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美国能源部的研究人员说,区块链可能是可再生能源的革命

2020-5-21 12:19

 

美国能源部下属的国家可再生能源实验室(NREL)一直在对区块链的能源交易进行调查。


有些用例非常适合区块链。太阳能和其他可再生能源的普及缺少一个环节。对于邻居们来说,在用电高峰期分享能源,而不是从电网中获取能源,就需要相信关于传输了多少能源的数据,而且这需要一种廉价的支付方式。区块链满足这两个要求。


NREL工程师戴恩•克里斯坦森(Dane Christensen)表示:“分布式电网运营决策具有革命性意义。”“这就像上世纪80年代的某个人在阐述互联网的经济机遇一样。每个人都会嘲笑你的。这就是现在区块链应用程序正在发生的事情——另一场技术革命的基础工具正在出现,而这可能是其中之一。”


NREL最近表示,它正在与能源公司Exelon和能源网络基金会(EWF)合作,探索基于社区的能源市场的区块链。


Exelon在美国东部拥有6家公用事业公司,拥有1000万用户,是美国最大的核电站运营商。EWF是一个为能源部门开发开源区块链平台的非营利组织。


该项目与Exelon和EWF的重点是推动电力公司和消费者之间的协调。NREL正在探索将太阳能电池板等分布式能源(DERs)连接到本地配电网络的方法。


NREL公司正致力于利用其能源系统集成设施(ESIF)开发的数字身份和硬件来协调电力供应和需求。


但问题是整合这些不同的DER系统,这需要专门的工程和系统的检修。


“其中很大一部分成本是由不同DER类型的自定义和手动流程驱动的。每个馈线是不同的。每个家庭都是不同的。随着越来越多的可再生能源被采用,越来越多的电动汽车被采用,持续的专业工程必须完成,”NREL的机械工程师戴恩·克里斯坦森(Dane Christensen)说。


人们可以简单地将电网分为两部分:连接初级电站和变电站的主电网传输线,以及连接变电站和用户的局部电网或馈线。


目前的电馈线不是设计来处理双向流动的电力。正常情况下,电力从变电站输送到变压器,再输送到用户。而对于DERs,则是相反的方向。此外,记录所有用户家庭或办公大楼产生的电力是困难的。


不仅如此,电动汽车充电还会对变压器和当地电网造成压力。增加来自DERs的容量可能会减少负载,因此需要扩大本地电网基础设施。NREL希望设计出解决方案,以避免将能量反馈到主电网。


使用区块链,NREL的目标是使一个可扩展的解决方案,可以很容易地设置在电力馈线,可以根据需要定制。它目前正在运行一个虚拟试点,将电动汽车、智能设备、蓄电池和其他组件连接到一个区块链。

NREL之前对区块链的能量测试


去年,国会研究服务处发现,越来越多的核电站运营商正在寻找向邻居出售多余电力的方法。目前的系统,如能源管理系统(EMS)和高级分配管理系统(ADMS),无法扩展到管理数千个家庭之间的事务。


在2018年,NREL开发了“forsee”,这是一个家庭能源管理系统,可以预测未来家庭的能源消耗。该组织与BlockCypher合作,试用使用forsee数据的分布式能源市场。在这里,区块链智能合同被用来以低于公用事业的价格购买电力,并使用数字货币来结算交易。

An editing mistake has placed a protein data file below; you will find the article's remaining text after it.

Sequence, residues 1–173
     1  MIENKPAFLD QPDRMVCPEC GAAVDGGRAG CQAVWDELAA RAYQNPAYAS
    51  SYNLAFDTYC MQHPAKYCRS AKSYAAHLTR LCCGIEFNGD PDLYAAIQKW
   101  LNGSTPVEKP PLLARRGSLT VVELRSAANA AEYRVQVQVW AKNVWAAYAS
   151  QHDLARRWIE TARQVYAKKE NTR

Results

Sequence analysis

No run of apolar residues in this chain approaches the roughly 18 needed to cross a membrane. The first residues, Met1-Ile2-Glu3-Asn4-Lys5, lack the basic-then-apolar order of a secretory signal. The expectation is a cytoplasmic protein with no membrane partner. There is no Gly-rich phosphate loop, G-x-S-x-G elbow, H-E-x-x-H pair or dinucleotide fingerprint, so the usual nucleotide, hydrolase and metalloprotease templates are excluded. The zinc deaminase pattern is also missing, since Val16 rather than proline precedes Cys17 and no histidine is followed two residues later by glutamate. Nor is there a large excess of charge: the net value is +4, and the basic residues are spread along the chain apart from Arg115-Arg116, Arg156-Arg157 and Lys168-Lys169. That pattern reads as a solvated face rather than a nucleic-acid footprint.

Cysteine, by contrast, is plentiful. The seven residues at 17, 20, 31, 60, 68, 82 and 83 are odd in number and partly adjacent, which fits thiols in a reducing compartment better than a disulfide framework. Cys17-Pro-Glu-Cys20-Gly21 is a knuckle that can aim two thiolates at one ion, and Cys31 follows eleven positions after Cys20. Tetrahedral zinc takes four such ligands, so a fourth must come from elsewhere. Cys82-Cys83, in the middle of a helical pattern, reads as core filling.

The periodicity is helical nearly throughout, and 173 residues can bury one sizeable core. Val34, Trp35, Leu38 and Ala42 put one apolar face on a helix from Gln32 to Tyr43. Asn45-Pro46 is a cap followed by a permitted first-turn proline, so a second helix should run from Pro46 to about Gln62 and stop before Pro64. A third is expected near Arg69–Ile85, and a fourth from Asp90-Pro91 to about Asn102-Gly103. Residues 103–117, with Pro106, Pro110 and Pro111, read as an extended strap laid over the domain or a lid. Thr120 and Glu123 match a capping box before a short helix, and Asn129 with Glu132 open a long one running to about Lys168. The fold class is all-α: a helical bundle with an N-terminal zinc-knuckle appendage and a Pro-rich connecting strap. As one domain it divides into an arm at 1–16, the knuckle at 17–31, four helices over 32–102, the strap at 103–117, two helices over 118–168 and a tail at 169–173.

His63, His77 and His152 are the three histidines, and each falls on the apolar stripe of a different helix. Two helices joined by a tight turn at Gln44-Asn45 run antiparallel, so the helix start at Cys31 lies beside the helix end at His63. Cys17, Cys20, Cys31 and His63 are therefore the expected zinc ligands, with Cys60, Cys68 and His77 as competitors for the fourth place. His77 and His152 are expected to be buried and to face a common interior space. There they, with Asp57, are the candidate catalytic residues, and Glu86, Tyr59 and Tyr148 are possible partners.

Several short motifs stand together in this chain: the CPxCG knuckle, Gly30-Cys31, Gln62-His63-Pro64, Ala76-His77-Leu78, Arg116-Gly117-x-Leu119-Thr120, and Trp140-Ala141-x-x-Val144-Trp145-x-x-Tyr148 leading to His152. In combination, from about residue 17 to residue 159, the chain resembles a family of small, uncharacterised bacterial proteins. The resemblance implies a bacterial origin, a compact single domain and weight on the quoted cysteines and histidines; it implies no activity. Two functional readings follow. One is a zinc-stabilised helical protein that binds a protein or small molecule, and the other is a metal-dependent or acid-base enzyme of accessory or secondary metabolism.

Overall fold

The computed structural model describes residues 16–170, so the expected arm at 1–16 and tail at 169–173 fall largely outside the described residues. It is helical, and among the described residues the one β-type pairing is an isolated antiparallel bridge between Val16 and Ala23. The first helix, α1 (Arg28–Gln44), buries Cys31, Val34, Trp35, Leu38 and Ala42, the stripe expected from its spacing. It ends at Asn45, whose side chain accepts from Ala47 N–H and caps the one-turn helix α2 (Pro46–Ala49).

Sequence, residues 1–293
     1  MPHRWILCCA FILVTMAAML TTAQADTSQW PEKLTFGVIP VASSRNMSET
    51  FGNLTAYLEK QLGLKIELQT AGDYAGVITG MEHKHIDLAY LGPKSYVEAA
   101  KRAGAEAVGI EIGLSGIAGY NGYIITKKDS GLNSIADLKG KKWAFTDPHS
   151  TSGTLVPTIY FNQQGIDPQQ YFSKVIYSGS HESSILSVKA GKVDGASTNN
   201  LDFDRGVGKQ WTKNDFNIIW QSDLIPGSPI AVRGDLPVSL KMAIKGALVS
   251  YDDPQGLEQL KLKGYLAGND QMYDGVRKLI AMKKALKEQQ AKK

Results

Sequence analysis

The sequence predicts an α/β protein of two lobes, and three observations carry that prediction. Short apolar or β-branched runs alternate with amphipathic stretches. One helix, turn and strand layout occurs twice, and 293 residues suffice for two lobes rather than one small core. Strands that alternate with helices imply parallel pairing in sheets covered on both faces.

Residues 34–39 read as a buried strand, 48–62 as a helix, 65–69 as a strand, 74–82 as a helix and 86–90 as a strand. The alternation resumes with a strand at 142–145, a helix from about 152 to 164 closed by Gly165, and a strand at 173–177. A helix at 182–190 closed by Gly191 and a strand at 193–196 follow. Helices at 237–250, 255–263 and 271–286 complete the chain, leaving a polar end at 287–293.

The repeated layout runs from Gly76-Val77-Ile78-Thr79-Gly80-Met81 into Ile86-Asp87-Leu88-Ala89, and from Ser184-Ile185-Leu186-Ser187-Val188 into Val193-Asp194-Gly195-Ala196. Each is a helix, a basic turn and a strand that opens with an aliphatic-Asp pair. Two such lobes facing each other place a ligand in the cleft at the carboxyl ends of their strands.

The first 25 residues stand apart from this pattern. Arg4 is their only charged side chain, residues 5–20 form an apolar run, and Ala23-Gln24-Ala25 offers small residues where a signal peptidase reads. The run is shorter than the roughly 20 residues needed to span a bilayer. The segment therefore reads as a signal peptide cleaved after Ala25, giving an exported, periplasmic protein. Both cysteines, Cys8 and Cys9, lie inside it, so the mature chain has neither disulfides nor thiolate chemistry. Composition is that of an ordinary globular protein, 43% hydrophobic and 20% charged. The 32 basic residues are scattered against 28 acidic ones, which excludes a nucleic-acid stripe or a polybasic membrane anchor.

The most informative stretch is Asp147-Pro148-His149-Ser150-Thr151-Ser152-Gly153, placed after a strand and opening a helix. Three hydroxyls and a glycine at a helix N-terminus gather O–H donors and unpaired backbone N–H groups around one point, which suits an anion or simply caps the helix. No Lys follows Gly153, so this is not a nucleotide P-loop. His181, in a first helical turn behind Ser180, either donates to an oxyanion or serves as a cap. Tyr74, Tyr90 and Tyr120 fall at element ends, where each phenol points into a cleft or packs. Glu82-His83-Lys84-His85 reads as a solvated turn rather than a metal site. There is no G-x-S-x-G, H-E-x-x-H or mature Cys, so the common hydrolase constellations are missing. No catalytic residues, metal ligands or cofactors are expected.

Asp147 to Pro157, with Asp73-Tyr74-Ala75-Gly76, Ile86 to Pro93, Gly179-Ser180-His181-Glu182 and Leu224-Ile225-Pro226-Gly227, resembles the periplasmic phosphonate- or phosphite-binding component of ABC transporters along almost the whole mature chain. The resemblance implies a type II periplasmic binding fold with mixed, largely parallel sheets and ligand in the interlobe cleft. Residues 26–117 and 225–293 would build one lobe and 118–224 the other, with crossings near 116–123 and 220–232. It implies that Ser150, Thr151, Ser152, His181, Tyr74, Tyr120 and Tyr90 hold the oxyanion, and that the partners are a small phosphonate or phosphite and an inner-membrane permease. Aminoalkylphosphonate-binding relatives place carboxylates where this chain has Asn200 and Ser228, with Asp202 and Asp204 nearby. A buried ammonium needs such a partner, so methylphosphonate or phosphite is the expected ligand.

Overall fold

与其他研究机构合作


展望未来,NREL将与其他国家实验室合作,加快区块链在能源领域的应用。区块链for optimization Security and Energy Management (BLOSEM)是为了探索区块链而成立的,NREL作为会员提供其专业知识。


国家能源技术实验室是该项目的领导者,艾姆斯实验室、SLAC国家加速器实验室和太平洋西北国家实验室是研究团队的一部分。电网现代化实验室联盟正在资助BLOSEM。

 

The National Renewable Energy Laboratory (NREL), a unit of the U.S. Department of Energy, has been investigating blockchain for energy transactions.

Some use cases are a natural fit for blockchain. The proliferation of solar energy and other renewable sources has a missing link. For neighbors to share energy during peak times rather than sourcing it from the grid, there’s a need to trust the data about how much energy has been transferred, and it requires a cheap means of payment. Blockchain meets both requirements.

“Distributing grid operational decision-making is revolutionary,” said Dane Christensen, an engineer at NREL. “It’s really like somebody in the 1980s expounding on the economic opportunity of the Internet. Everyone would have laughed at you. That’s kind of what’s happening right now with blockchain applications — the foundational tools for another technology revolution are emerging, and this could be one of them.”

The (NREL) recently said it was working with energy utility Exelon and the Energy Web Foundation (EWF) to explore blockchain for community-based energy markets. 

Exelon owns six utility companies in the Eastern United States, with 10 million customers and is the largest operator of nuclear power plants in the United States. EWF is a non-profit developing an open-source blockchain platform for the energy sector. 

The project with Exelon and EWF focuses on driving coordination between utilities and consumers. The NREL is exploring ways to connect distributed energy resources (DERs) such as solar panels to the local distribution network.